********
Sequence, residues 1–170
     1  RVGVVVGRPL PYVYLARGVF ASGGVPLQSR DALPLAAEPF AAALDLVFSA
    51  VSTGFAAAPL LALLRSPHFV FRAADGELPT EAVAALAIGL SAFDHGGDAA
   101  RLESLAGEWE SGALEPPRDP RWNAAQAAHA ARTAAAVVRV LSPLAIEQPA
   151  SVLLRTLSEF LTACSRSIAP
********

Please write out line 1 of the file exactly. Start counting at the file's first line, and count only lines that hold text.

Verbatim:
Sequence, residues 1–170